Heatwave conditions cause huge loss of mango crops in Bihar

65-70% of mango crops have got damaged in Bihar due to extreme weather conditions, say farmers and agri-scientists.
Never before had mango production been so low in Bihar in the last 50 years, says a scientist at BAU. (PTI)
Never before had mango production been so low in Bihar in the last 50 years, says a scientist at BAU. (PTI)
Published on May 22, 2022 11:10 AM IST
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PATNA: Mango crops bear the brunt of heatwave conditions in Bihar with farmers and agri- scientists saying that 65-70% of mango crops got damaged in the state this time due to extreme weather conditions.

Scientists from the Bihar Agriculture University (BAU), Sabour, said that things has not been in favour of the mango crop since its flowering time in March this year.

The early onset of summer in the state has badly damaged the mango flowers and fruits. Mangoes failed to grow in size and didn’t get stronger because of the poor pre-monsoon showers in the state.

Adding woe to the injuries have been the red-banded mango caterpillars which affected the fruits in their initial stage and continue to damage the crops, causing pre-mature falling of mangoes.

The state is known for its wide variety of mangoes which include Digha Maldah, Jardalu, Gulab Khaas and Aamrapali and among these Jardalu has been given the GI (Geographical Indication) tag.

Bihar ranks fourth in the list of mango-producing states, sharing more than 8% of the total mango production in the country. The top state in the list is Uttar Pradesh, followed by Andhra Pradesh and Karnataka, according to APEDA (The Agricultural and Processed Food Products Export Development Authority), government of India.

During normal weather conditions, the state produces more than 15 lakh tonne mangoes while the area in the state under mango production varies from 1.58 lakh hectare to 1.6 lakh hectare.

“This year also the area of mango cultivation has remained the same, but production has decreased drastically. More than 65% mango crops have got damaged,” said Mohammad Feza Ahmad, associate director, research wing, Bihar Agriculture University, Sabour.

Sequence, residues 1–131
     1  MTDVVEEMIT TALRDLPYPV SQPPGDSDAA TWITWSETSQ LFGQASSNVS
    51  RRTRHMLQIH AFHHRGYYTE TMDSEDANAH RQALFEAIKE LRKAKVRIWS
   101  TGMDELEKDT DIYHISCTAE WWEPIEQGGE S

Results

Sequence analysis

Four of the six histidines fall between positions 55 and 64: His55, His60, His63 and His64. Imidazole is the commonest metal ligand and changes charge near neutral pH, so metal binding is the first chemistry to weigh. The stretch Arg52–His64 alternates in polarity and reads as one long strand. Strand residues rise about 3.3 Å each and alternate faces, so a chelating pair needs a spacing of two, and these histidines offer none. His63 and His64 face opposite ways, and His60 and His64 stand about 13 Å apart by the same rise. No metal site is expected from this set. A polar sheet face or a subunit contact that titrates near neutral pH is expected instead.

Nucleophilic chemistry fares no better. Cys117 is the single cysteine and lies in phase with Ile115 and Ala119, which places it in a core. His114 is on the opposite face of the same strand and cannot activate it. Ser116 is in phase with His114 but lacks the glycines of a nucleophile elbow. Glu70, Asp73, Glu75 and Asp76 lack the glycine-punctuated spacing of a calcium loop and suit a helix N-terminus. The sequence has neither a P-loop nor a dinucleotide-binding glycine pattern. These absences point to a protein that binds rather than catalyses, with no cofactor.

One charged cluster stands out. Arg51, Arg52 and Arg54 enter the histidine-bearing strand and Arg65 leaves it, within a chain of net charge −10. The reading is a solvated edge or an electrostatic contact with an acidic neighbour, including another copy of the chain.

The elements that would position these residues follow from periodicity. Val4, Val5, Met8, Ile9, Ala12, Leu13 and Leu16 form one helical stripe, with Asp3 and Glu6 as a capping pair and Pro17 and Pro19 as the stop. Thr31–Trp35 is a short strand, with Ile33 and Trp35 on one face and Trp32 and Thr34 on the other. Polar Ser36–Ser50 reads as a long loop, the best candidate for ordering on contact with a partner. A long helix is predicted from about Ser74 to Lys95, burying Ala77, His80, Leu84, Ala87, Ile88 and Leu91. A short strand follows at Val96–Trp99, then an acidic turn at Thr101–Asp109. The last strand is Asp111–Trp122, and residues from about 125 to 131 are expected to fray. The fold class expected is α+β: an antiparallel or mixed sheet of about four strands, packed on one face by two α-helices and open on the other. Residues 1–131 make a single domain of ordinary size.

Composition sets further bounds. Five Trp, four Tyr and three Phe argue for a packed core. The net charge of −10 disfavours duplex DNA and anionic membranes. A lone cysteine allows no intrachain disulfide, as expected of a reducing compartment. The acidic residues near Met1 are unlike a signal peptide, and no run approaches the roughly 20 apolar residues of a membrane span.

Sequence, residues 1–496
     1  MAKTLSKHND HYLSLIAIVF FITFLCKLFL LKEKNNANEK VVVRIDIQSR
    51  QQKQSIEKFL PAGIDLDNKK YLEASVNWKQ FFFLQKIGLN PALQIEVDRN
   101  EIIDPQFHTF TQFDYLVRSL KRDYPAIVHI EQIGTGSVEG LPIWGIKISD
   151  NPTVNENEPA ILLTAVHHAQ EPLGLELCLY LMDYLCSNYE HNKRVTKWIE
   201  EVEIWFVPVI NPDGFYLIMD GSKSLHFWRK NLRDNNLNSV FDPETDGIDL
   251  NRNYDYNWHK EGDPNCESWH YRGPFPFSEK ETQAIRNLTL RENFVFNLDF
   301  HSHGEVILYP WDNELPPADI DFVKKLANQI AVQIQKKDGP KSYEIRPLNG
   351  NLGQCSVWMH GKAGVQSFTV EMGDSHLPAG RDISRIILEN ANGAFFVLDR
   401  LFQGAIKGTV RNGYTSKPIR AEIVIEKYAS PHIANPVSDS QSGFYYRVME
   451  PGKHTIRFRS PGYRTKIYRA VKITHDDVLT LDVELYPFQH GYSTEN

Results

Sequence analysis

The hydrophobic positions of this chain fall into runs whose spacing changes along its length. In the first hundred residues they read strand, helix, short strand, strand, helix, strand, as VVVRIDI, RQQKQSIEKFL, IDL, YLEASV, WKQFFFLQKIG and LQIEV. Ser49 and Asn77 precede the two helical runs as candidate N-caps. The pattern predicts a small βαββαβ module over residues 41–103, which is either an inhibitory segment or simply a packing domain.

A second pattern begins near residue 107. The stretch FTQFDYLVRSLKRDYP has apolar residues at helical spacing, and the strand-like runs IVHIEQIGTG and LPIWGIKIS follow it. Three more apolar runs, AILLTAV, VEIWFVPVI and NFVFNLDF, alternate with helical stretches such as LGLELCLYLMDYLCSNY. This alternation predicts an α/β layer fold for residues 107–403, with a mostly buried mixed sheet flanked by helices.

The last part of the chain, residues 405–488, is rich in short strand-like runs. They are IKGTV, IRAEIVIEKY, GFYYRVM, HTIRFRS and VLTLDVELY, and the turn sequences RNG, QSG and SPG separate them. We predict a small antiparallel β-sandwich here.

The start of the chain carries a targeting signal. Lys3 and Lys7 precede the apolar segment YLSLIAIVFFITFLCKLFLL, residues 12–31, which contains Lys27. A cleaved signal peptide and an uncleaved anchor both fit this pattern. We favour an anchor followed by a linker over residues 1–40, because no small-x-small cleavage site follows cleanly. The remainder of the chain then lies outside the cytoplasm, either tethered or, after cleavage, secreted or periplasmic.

This is the first time that mango farmers have experienced the impact of climate change, he added.

“Never before had mango production been so low in the state in the last 50 years. I am worried about what the mango farmers will do this time. In fact, this is the season they earn money which helps them sustain throughout the year,” he said.

In fact, the state has been experiencing high temperatures since March which is the flowering time of mangos. “Maximum mango flowers got damaged due to unusually hot weather,” he said.

Amarendra Pratap Singh, agriculture minister, said that heatwave condition in the state had its adverse impacts over mango and other crops this time. “Farmers must be at a loss. We will definitely try to compensate for this loss,” he said.

The minister said that the heatwave condition is a Natural calamity. “First we will review the damage caused to the mango crop and the report will be submitted to the government,” he said.

Ashok Chaudhary, a farmer from Bhagalpur, widely known as the ‘Mango Man of Bihar’, said that hardly 30% of the total mango production of the state will survive this time.

“The heatwave conditions in the state has caused a huge loss. High temperature also catalysed the growth of red-banded caterpillars which are still damaging the fruits,” he said.

Many farmers feel the loss can be compensated through exportation of mangoes to foreign countries, he added.

“But sending mangoes through flight is a costly affair,” he said.

Sanjay Sahay, chairman, horticulture department, BAU, said farmers need subsidy in packaging of the products.


    Reena has been a journalist for over two decades. She has the experience of covering wide range of issues, including art, culture, archaeology, tourism, forest and women issues. She has also authored a book and is a recipient of the ‘Ramdhari Singh Dinkar Award’, given by the government of Bihar.

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